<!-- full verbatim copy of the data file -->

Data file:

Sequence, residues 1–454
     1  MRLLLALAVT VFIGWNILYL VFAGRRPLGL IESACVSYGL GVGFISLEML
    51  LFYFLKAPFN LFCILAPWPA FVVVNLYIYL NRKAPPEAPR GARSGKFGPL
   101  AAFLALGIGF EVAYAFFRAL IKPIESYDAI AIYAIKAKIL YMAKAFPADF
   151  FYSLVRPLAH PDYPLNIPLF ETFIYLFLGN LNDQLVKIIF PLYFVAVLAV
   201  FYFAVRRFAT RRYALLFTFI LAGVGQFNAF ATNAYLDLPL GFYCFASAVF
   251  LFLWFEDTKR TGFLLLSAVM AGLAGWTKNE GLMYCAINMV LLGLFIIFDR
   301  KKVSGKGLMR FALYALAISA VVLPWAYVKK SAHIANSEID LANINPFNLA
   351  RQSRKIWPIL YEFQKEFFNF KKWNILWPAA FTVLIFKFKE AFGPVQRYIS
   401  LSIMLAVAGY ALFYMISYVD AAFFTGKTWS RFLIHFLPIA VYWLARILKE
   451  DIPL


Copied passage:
Sequence, residues 1–454
     1  MRLLLALAVT VFIGWNILYL VFAGRRPLGL IESACVSYGL GVGFISLEML
    51  LFYFLKAPFN LFCILAPWPA FVVVNLYIYL NRKAPPEAPR GARSGKFGPL
   101  AAFLALGIGF EVAYAFFRAL IKPIESYDAI AIYAIKAKIL YMAKAFPADF
   151  FYSLVRPLAH PDYPLNIPLF ETFIYLFLGN LNDQLVKIIF PLYFVAVLAV
   201  FYFAVRRFAT RRYALLFTFI LAGVGQFNAF ATNAYLDLPL GFYCFASAVF
   251  LFLWFEDTKR TGFLLLSAVM AGLAGWTKNE GLMYCAINMV LLGLFIIFDR
   301  KKVSGKGLMR FALYALAISA VVLPWAYVKK SAHIANSEID LANINPFNLA
   351  RQSRKIWPIL YEFQKEFFNF KKWNILWPAA FTVLIFKFKE AFGPVQRYIS
   401  LSIMLAVAGY ALFYMISYVD AAFFTGKTWS RFLIHFLPIA VYWLARILKE
   451  DIPL